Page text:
Austro-Hungarian armored cars and tanks


The German-speaking Austro-Hungarian Empire entered the war as a natural ally of the Central Powers. But, contrary to the German Empire, it was an uneasy bicephalic kingdom ruling over a dozen of minorities with vastly different cultures and languages. Political tensions were high and the memory of the Balkan war was still fresh.

The spark

In the Balkans in particular, nationalistic undergound movements triggered bombings and a famous assassination. The Archduke Franz-Ferdinand was murdered by young Serb activist and anarchist Gavrilo Prinzip, operating for the Mlada Bosna, supported by the larger “black hand” movement in Sarajevo. The Archduke was, on 28 June 1914, visiting the city in an open coach, passing by narrow streets with a distracted protection, and was already attacked by a group of 6 nationalists including Prinzip. A grenade was launched but missed, but the Archduke resumed his visit to the hospital, while the group scattered.

Later on, Prinzip, alone, found the convoy one more time and drew his pistol. The Archduke was shot at very close range and fatally wounded. He died the same day. Prinzip was immediately arrested and thrown in jail pending trial. Soon after, anti-Serbian riots erupted, largely organized by Muslim-origin Schutzkorps militias. Actions also erupted against Serbs in Croatia, Bosnia and Herzegovina.

The alliance mechanics

As everybody knows, that was the spark that would consume all Europe and beyond for four years. By the simple mechanics of alliances, the Central Powers and the Entente joined in and, during that fatal summer (July-August 1914), mobilization was declared everywhere and grand plans of offense or defense were rapidly re-opened.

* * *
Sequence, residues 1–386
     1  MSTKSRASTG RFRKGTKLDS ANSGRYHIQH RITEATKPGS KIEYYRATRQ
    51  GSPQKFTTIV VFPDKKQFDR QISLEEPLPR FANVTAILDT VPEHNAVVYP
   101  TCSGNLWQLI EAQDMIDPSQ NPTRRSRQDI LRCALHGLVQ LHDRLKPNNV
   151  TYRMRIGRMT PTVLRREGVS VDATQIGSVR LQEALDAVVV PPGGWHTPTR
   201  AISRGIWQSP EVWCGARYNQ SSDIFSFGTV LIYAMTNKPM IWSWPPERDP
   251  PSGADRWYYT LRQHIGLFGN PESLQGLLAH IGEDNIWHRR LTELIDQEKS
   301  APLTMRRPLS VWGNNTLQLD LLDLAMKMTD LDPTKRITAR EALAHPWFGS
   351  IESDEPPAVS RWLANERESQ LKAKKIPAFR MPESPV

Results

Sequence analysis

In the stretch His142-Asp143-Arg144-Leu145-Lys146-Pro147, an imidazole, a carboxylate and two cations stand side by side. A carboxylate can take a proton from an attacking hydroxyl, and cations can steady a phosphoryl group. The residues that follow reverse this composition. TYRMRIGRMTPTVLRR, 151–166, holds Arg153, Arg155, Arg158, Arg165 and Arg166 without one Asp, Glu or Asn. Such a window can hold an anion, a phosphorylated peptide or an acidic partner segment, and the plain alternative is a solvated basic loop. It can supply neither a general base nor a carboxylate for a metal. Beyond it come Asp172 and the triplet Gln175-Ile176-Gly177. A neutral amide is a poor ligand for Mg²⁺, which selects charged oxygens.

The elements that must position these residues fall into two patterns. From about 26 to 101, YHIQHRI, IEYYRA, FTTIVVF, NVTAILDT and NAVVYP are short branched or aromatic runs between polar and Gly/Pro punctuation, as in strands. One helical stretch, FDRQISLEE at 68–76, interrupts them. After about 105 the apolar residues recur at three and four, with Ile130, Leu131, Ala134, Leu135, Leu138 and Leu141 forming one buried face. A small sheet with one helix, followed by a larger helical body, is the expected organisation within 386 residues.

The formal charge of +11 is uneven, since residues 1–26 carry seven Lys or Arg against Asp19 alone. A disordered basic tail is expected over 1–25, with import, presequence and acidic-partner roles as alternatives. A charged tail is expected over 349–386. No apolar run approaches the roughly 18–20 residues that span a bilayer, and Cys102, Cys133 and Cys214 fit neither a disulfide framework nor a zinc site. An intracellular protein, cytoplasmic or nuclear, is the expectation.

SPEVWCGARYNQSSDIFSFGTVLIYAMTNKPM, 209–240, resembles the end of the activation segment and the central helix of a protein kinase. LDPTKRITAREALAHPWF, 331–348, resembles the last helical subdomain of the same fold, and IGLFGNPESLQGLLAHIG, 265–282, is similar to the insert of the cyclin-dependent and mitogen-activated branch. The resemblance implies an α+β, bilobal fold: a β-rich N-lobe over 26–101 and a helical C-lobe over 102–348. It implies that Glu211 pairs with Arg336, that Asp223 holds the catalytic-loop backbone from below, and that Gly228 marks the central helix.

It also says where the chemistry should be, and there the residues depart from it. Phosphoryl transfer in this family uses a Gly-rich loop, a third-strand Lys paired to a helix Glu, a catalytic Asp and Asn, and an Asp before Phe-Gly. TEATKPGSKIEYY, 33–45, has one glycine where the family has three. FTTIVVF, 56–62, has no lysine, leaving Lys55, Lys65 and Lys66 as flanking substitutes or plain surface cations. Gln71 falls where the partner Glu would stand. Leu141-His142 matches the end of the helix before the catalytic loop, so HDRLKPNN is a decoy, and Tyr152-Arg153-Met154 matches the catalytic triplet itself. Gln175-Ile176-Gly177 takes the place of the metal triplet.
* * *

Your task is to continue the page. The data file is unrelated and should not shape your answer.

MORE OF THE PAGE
Austro-Hungary did its fair share of conscription too, although some minorities tried to avoid it. Operations were directed at first again Serbia, when the ultimatum expired, and were followed by military operations. Russia was allied to Serbia and rapidly prepared to intervene, although mobilization was slow (partly due to the lack of railroads and its huge territory). Germany then reacted, conforming to its alliance with Austro-Hungary and soon France (because of its alliance with Russia), weary of revenge and motivated to retake the bordering Aslace-Lorraine region, joined the war, preparing to face Germany, its hated arch-enemy since 1870. The Prussian military head of staff knew full well that Russia needed time to mobilize and choose to strike first in France, using a carefully planned attack, years in the making on maps (Prussian officers considered warfare as a science), the so-called “Schlieffen plan”.

At the same time, the British Empire could have opted out of what was largely seen as a continental struggle, after all, protected by the channel and the most powerful fleet in the world. But, at the same time, relations eased with arch-enemy France, especially since the joint operation in Crimea in 1853-56, and despite an incident in Fachoda on Colonial matters, a “concorde” existed between the two countries. Beyond that, if France had failed and the German militarist regime would have spread on all the continent, the official policy of maintaining balance between the great powers would have been shattered and the Empire would have faced, alone, a continental superpower. So, all these major powers were thrown into the conflict that raged more than 100 years ago, and dragged their colonial empires and resources with them.